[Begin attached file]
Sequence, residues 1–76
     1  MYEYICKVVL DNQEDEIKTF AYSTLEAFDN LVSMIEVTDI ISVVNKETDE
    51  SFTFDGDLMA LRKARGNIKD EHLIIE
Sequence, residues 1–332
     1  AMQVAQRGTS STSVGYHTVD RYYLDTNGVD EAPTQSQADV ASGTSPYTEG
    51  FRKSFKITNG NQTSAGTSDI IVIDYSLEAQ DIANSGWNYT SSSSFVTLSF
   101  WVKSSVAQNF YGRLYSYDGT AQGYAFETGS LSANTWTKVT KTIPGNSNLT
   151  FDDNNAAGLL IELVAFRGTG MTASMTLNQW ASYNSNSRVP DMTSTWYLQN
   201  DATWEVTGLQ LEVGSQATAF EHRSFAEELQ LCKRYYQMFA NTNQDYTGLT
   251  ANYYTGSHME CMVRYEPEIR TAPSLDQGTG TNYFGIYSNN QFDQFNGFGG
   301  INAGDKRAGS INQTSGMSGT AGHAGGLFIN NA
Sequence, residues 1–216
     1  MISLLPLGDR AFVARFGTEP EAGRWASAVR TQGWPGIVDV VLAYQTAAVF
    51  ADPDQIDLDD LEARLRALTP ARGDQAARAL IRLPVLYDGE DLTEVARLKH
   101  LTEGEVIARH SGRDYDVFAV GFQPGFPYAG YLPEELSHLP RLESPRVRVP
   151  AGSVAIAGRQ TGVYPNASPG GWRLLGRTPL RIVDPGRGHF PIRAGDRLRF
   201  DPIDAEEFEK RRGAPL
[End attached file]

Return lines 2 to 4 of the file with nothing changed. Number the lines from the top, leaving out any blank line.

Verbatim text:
     1  MYEYICKVVL DNQEDEIKTF AYSTLEAFDN LVSMIEVTDI ISVVNKETDE
    51  SFTFDGDLMA LRKARGNIKD EHLIIE
Sequence, residues 1–332